As we observe the 76th anniversary of American and allied forces courageously storming the beaches of Normandy on D-Day, our remembrance would not be complete without recognizing one of our very own, Marcie Dover.
Born in Alabama and a Barrow County resident since 2000, Marcie Dover was only nineteen years old when he was drafted into the U.S. Army in 1943.
Serving with the 9th Regiment’s L Company as part of the 2nd “Indianhead” Infantry Division, Dover first sailed from New York to Great Britain before landing in Normandy on June 7. Joining the battle first in St. Lo and then onwards to Brest through difficult hedgerow country, Dover was in some of the most difficult parts of the fighting. During his first engagement against the Germans, Dover recalls his entire unit being wiped out, leaving just him and his commanding officer standing. Through northern France and into Belgium, Dover fought in the Battle the Bulge and ended the war in Czechoslovakia.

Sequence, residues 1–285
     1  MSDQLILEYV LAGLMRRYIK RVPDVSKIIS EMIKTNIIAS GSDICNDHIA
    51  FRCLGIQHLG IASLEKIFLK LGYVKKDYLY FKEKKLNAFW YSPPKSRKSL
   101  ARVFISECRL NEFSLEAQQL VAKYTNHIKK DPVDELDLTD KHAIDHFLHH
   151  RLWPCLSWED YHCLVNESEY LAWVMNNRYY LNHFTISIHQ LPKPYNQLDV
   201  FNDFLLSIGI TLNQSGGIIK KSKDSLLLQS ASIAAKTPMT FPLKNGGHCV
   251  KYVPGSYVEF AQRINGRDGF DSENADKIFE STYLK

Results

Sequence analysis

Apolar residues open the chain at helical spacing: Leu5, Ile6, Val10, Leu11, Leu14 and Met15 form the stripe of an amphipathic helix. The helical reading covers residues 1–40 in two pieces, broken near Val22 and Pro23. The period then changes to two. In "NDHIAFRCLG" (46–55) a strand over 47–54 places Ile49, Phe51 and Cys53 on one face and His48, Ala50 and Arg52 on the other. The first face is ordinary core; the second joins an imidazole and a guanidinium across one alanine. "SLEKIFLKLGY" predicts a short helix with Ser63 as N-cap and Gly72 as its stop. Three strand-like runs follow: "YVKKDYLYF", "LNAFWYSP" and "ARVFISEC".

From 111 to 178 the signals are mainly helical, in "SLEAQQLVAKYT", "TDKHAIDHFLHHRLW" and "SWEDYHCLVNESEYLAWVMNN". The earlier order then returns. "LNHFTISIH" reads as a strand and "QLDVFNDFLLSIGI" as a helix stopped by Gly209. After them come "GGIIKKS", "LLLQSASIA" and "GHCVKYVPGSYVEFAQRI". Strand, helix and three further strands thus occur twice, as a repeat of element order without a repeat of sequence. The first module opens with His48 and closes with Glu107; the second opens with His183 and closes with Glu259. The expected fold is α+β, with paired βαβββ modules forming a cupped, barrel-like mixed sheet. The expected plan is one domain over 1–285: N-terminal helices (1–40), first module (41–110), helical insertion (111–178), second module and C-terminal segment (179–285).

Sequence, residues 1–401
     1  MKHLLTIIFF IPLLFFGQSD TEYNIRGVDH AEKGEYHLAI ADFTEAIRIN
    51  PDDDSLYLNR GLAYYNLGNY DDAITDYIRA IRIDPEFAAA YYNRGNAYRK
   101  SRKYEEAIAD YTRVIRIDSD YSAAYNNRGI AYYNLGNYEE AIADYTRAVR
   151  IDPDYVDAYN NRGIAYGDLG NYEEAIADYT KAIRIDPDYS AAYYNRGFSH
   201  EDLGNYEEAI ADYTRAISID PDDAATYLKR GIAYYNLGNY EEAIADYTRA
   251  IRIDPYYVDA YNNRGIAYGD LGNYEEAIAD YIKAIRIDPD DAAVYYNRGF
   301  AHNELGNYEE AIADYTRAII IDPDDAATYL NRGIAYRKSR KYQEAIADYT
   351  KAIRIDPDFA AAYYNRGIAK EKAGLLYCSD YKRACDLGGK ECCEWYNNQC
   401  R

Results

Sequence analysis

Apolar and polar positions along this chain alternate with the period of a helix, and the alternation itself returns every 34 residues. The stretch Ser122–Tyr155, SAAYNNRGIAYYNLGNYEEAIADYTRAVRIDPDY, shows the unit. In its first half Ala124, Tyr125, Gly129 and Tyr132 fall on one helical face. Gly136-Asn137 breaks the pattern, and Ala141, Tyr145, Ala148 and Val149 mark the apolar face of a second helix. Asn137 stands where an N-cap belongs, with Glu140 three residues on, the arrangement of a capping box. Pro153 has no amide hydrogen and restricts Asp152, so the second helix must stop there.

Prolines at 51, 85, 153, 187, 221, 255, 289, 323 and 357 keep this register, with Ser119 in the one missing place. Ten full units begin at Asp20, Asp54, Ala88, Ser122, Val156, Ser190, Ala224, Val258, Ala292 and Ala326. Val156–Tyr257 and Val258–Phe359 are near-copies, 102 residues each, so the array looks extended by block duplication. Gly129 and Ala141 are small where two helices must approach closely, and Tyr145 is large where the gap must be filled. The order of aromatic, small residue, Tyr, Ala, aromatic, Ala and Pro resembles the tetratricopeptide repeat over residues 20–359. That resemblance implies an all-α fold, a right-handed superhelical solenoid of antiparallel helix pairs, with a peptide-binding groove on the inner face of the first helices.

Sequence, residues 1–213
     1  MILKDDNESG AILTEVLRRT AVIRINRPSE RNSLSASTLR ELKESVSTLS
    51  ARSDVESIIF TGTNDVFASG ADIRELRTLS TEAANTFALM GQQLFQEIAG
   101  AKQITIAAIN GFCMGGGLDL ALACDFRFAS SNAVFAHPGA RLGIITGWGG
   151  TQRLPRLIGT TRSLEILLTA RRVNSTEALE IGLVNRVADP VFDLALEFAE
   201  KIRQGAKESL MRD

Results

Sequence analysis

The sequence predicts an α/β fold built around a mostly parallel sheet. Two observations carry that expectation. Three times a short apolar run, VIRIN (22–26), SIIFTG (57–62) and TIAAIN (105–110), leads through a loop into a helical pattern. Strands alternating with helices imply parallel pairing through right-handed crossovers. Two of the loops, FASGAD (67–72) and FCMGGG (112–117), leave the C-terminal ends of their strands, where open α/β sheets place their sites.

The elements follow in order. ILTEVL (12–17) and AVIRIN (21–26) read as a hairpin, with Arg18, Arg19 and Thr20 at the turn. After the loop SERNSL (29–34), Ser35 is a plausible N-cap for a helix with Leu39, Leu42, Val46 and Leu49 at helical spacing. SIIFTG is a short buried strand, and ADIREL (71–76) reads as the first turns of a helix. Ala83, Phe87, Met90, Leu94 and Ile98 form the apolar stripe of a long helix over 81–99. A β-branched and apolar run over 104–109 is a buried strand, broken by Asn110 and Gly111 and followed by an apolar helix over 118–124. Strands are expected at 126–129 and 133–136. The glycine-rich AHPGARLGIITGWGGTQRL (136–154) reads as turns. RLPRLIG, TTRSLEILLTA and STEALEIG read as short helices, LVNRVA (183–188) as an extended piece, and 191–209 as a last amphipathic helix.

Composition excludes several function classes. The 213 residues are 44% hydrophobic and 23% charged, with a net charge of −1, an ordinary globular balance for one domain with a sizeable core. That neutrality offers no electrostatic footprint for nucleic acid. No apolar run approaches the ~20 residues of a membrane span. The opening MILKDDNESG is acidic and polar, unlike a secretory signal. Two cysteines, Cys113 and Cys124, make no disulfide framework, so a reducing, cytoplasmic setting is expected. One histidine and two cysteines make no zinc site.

For his honorable and distinguished service, Dover was awarded the Bronze Star and the Legion of Honor, France’s highest military honor. Now a loving grandfather to five and great-grandfather to seven, he enjoys his much-deserved retirement in our community.
We must never forget the bravery of Marcie Dover, and all the men and women like him, who valiantly answered their nation’s call to service when our hour was darkest. The sacrifices they made on behalf of a grateful nation 76 years ago still enable all Americans to live freely today. We are forever in their debt.